Between June 5th and the 30th, six MAC cargo planes hauled more than 43 tons of relief equipment and supplies to the Peruvian capital.
An account by Lt. Col. Harry Heist, USAF (Ret)
Our alert came at 6 a.m. on June 6th. We were to crew one of Travis’ C-133Bs that just arrived from Harrisburg, Pennsylvania. Following our crew briefing, within three hours, we were airborne and on our way to Howard AFB, Panama. After 9 1/2 hours in the air and three hours on the ground (for refueling and a bite to eat), we departed Howard for another five-hour flight to Jorge Chavez Airport in Lima. At Howard we picked up an ABC television news crew to report, first hand, of the earthquake’s devastating effects. I recall the reporter inquiring as to the location of Yungay and over my shoulder shooting a motion picture of the area on my navigational chart. A flight over Yungay was out of the question as it was long after sunset and some of the terrain exceeded our flight level.
We arrived at the airport at 2 a.m. on the 7th, offloaded our chopper, and headed to our hotel.
With only a few hours into our crew rest, we were off to breakfast and to see the sights of Lima. The earthquake had no effect on the shops downtown as the merchants went about their business of selling their tapestries, rugs, and alpaca furs. Of course, most of us had shopping lists from our wives back at Dover.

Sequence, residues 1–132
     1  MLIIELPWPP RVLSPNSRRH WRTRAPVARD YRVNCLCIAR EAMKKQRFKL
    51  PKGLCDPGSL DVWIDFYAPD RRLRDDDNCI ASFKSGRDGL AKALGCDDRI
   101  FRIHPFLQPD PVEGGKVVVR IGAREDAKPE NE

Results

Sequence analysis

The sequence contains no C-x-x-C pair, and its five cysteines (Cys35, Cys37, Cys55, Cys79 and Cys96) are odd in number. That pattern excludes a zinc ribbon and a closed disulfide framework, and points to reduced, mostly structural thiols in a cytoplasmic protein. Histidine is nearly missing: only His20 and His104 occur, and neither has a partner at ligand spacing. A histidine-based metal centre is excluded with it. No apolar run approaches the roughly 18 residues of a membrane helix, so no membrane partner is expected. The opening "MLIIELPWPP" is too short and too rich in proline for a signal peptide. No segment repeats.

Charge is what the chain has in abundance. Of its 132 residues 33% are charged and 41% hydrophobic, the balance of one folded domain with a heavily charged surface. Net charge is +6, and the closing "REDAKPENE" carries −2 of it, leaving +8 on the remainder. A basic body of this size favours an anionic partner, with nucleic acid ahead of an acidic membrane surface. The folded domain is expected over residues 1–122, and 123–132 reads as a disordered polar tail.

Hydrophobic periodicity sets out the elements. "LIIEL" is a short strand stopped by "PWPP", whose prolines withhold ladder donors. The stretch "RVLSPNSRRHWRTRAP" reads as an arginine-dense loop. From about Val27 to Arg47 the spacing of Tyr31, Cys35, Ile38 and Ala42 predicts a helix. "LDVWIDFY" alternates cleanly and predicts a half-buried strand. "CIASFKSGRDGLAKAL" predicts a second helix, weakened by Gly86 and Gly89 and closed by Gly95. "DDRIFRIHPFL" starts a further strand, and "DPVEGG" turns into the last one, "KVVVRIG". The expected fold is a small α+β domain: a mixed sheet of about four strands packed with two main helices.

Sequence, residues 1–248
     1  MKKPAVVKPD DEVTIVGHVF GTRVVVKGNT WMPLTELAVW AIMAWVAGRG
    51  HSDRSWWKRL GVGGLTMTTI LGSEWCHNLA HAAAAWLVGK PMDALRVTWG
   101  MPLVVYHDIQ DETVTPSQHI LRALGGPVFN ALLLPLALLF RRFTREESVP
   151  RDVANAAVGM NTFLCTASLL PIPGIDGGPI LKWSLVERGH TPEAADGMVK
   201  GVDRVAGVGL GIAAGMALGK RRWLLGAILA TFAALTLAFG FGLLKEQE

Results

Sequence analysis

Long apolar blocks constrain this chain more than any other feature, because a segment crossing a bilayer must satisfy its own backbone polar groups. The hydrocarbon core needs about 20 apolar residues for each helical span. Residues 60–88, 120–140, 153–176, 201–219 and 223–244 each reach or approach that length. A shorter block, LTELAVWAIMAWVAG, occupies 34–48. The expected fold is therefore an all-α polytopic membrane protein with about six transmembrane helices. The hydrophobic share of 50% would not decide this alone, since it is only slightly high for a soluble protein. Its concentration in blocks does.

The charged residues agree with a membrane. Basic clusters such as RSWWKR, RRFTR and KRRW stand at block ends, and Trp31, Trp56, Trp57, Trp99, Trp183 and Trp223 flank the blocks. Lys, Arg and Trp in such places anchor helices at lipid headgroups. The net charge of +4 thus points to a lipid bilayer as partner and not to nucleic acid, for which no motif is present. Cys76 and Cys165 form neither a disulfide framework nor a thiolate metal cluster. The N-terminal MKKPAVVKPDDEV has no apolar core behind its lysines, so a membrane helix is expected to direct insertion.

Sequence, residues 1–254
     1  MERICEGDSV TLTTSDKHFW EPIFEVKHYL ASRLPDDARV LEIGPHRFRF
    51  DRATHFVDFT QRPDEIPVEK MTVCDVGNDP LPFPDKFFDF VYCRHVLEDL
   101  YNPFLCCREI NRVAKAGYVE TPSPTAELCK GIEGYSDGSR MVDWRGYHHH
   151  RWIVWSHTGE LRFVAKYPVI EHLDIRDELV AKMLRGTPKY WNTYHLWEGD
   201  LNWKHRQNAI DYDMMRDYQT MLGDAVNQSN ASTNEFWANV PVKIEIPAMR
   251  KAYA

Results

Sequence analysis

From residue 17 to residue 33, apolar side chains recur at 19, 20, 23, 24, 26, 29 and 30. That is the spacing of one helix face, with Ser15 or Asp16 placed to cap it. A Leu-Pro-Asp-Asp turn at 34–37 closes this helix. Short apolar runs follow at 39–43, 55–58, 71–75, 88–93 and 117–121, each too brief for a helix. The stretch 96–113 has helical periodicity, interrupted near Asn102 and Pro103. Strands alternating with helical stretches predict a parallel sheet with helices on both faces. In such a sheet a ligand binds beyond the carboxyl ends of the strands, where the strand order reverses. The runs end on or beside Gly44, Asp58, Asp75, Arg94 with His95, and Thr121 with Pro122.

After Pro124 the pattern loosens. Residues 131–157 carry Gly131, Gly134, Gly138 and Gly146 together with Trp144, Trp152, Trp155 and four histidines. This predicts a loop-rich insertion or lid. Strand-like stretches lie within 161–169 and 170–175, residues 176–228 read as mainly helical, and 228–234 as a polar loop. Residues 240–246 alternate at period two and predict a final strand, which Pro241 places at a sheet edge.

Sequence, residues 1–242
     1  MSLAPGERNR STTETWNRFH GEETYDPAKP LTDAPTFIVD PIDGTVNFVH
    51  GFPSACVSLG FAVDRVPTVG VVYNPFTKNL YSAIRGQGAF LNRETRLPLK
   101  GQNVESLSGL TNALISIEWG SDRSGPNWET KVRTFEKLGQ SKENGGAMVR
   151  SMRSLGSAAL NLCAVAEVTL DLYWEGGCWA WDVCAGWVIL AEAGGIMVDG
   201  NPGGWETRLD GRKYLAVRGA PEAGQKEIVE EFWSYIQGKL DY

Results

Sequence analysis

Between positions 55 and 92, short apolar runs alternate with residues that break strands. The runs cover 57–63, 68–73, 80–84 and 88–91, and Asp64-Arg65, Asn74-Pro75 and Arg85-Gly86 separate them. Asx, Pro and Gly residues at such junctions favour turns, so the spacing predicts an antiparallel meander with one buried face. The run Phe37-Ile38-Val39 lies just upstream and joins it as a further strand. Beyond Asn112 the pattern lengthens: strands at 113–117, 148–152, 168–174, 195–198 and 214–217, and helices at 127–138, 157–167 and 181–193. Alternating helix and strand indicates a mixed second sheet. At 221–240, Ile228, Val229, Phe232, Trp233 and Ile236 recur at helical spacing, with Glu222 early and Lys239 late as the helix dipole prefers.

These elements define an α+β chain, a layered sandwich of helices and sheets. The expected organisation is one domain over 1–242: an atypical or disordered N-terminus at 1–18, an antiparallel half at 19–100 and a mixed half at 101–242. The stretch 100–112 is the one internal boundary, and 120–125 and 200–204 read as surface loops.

That evening it was entertainment up on the hotel’s roof garden. Along with a group of German tourists, we enjoyed a fine dinner and the exotic sounds of Afro-Andean music. Some of the musical instruments played in Peru today have their origins in Peru’s pre-Columbian history. From the original Andean people, the Incas inherited a variety of wind instruments including flutes and panpipes Then when the Spaniards came to Peru, they brought European stringed instruments such as the guitar, violin, and the harp which the Peruvian musicians quickly adopted by inventing their own versions. The interaction of the African population with the original Peruvian people of the Andes began with the first voyage of Columbus in 1492 and led to the Afro-Andean music culture which thrives in Peru today. Dance performances involve improvised rhythmic foot tapping and slapping accompanied by the guitar, box drum, goat’s hooves, and a stick drawn across the teeth of the jawbone of a donkey’s skull combined with other instruments create the rhythms that accompany the Afro-Andean music.